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Rise in Wales' recycled aggregate use, finds survey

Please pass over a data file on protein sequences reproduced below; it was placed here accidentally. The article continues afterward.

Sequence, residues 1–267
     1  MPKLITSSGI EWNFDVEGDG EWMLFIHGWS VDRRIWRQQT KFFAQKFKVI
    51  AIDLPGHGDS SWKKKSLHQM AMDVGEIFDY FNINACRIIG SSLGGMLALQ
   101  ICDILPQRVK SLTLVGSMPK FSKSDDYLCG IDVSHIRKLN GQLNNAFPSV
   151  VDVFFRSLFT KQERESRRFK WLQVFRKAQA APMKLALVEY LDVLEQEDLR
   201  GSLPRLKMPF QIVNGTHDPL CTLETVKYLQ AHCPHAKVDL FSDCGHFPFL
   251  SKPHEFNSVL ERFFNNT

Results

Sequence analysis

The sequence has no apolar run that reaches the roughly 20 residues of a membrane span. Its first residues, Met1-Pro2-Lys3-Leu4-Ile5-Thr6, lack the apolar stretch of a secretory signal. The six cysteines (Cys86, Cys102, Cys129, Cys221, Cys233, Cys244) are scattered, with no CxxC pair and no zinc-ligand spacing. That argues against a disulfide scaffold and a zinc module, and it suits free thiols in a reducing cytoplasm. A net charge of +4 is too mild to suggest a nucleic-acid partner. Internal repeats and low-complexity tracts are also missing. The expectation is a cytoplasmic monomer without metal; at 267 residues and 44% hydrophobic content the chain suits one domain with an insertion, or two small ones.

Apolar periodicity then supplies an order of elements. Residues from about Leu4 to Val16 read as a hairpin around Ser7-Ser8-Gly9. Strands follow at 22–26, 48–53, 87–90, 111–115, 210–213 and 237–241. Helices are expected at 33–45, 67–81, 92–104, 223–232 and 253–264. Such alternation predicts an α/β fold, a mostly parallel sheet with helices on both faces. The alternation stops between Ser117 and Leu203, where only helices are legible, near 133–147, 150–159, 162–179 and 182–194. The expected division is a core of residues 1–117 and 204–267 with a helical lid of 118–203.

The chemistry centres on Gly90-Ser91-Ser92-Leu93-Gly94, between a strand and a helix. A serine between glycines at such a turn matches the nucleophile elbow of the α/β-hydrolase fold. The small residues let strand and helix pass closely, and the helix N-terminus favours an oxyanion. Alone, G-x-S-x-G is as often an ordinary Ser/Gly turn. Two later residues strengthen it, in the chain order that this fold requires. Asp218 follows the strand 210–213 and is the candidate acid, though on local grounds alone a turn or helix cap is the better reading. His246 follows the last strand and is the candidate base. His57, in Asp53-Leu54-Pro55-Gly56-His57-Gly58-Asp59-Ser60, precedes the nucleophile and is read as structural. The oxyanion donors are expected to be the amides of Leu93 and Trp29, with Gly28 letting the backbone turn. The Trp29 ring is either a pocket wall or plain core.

There has been an increase in material used in Wales as recycled aggregates to almost 4.5 million tonnes in 2005, suggested a Welsh Government survey. The survey looked at arisings and the use of recycled aggregates during 2005. It also indicated that there has been a near doubling of arisings of construction and demolition waste between 2001 and 2005 to almost 10 million tonnes. Minister for sustainability and rural development Jane Davidson said: The findings suggest a change in the supply pattern of aggregates in Wales, with an increase in the proportion of recycled materials being used.This increase is a positive step for Wales, where the use of recycled waste as aggregates has traditionally been lower than in other parts of the UK. It also suggests that policies to promote recycling are working together with the Landfill Tax and the Aggregates Levy in minimising waste and encouraging the prudent use of natural resources amongst the Welsh construction industry. Conducted to discover the total amounts of construction, demolition and quarry waste, the research examined four areas of industry involved in using and disposing of waste. The results of this survey will be used to monitor and develop approaches to meet the objectives of minerals planning policy, which encourages waste to be reused and recycled. Research contractor, Faber Maunsell, held two events to present the findings of the survey on June 16 and 17. Key stakeholders were invited to attend including local authorities, Government departments, trade organisations from the minerals and waste industries, environmental organisations, respondents to the survey and members of the steering group for the project.

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